And, actually, “non-story” isn’t quite right. Thomas’s book reflects the truth that the world is full of stories; that they proliferate endlessly. What the world doesn’t provide is neat stories, or stories that fit our lives, or—above all—stories that come to loose-thread-tied endings. The paradigm is something like this Meg childhood reminiscence:
One time I saw a spider catch a wasp. I hated wasps, and I was quite pleased when this one flew drowsily away from me and got stuck in the web. In an instant, the fat spider came and started wrapping up the wasp in its white silk. The wasp struggled at first, and I felt sorry for it. But then it stopped moving. The spider worked away, turning it around, cocooning it, its thin, jagged legs moving this way and that, each one as precise as a needle on a sewing machine. Then it picked up the wasp in its front legs and took it carefully up to the centre of the web the way a human would carry a newborn baby. I watched for ages, but nothing else happened, and when I came back the next day the whole web had gone. Another day I found some string in the damp, creaky holiday house and made a shoulder-strap for my flask. (pp. 68-9)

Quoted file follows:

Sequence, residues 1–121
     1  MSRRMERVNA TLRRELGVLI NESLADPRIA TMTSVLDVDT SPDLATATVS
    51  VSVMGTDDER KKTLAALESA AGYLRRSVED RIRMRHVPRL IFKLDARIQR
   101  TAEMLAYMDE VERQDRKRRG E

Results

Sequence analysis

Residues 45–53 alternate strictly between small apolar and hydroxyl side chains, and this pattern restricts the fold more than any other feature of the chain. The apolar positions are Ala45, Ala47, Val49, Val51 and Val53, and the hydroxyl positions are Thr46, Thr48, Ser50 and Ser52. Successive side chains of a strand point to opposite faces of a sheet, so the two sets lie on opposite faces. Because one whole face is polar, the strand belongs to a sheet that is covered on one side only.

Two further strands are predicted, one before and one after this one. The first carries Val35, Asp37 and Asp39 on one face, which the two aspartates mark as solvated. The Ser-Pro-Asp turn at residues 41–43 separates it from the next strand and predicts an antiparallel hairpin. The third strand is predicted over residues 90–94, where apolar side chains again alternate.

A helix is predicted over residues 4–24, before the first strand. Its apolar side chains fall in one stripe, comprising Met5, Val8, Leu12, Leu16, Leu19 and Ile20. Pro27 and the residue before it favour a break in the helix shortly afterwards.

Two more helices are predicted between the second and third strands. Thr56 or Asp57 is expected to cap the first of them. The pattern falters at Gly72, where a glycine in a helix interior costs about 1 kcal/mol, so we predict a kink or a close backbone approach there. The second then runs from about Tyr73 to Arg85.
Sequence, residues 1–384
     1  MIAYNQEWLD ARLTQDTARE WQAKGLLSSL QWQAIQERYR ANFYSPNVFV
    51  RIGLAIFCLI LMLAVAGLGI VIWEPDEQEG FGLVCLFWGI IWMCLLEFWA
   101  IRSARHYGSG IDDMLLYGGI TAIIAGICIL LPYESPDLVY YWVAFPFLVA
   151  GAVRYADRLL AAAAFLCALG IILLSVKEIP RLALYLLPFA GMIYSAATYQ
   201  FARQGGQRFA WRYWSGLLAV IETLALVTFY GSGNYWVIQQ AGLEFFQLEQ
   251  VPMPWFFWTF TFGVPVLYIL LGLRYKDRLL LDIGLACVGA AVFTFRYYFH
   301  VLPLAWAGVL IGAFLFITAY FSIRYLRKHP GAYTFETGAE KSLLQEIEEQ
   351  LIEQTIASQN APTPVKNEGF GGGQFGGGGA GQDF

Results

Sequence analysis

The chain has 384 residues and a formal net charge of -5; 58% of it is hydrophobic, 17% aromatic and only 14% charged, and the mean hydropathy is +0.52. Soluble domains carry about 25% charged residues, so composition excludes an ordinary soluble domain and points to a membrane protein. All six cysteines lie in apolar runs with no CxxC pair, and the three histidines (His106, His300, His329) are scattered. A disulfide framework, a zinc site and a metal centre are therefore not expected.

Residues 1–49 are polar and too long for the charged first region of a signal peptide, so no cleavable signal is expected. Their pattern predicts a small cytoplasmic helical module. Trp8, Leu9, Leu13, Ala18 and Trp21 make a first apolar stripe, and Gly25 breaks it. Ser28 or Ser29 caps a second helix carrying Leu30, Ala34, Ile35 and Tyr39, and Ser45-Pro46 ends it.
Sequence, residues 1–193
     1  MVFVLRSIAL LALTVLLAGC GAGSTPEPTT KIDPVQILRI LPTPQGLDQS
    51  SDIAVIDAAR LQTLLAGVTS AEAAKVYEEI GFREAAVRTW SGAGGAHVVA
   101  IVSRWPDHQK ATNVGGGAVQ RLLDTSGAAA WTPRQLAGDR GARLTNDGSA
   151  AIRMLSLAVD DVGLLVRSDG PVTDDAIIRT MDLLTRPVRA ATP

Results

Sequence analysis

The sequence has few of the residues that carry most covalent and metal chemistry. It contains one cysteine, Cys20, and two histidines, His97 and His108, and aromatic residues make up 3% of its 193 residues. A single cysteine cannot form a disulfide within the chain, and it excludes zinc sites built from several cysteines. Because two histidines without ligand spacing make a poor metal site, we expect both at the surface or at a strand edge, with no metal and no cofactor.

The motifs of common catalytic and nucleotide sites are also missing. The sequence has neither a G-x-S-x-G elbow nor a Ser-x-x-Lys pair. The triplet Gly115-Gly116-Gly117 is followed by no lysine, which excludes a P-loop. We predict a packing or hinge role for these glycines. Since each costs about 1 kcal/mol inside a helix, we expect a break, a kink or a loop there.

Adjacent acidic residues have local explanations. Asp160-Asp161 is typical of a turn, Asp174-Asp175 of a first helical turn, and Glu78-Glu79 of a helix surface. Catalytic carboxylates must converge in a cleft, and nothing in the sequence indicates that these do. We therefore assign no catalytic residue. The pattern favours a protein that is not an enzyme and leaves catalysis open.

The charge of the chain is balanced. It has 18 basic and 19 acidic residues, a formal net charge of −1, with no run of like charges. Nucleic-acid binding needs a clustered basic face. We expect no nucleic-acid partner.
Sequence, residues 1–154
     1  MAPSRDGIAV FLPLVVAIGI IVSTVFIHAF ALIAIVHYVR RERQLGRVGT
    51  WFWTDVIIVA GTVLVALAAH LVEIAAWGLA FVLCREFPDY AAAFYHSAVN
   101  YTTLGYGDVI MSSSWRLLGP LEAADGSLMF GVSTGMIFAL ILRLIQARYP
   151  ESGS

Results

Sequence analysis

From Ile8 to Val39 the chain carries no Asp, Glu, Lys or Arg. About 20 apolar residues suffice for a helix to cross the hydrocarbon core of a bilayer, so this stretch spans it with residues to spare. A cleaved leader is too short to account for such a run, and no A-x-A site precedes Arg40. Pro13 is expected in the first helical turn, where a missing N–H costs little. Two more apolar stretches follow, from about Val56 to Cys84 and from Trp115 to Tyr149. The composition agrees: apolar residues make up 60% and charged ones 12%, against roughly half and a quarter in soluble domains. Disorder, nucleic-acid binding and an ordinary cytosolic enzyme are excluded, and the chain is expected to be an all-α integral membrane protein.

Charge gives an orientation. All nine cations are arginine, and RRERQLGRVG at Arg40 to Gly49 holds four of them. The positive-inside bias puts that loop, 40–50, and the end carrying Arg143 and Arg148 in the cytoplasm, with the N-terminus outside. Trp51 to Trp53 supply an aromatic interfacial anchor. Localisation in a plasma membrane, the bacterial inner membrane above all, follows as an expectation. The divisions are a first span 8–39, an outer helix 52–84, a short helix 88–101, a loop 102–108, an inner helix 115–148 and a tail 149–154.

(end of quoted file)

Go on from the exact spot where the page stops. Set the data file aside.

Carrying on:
This is very nice: an absorbing little narrative that deftly magnifies something mundane and trivial into something existentially resonant. The detail is spot-on, too—that “needle on a sewing machine” simile not only precisely evocative, but connecting with a larger thematic in the novel about “textile” (from, as Thomas knows very well, the Latin textus, which also gives us text), weaving, knitting, sewing. But most of all, the set-up leads us to expect a narrative resolution that Thomas’s elegant sidestepping at the close neatly frustrates. The whole novel is not only full of this sort of thing, it is structured on a larger level according to this principle.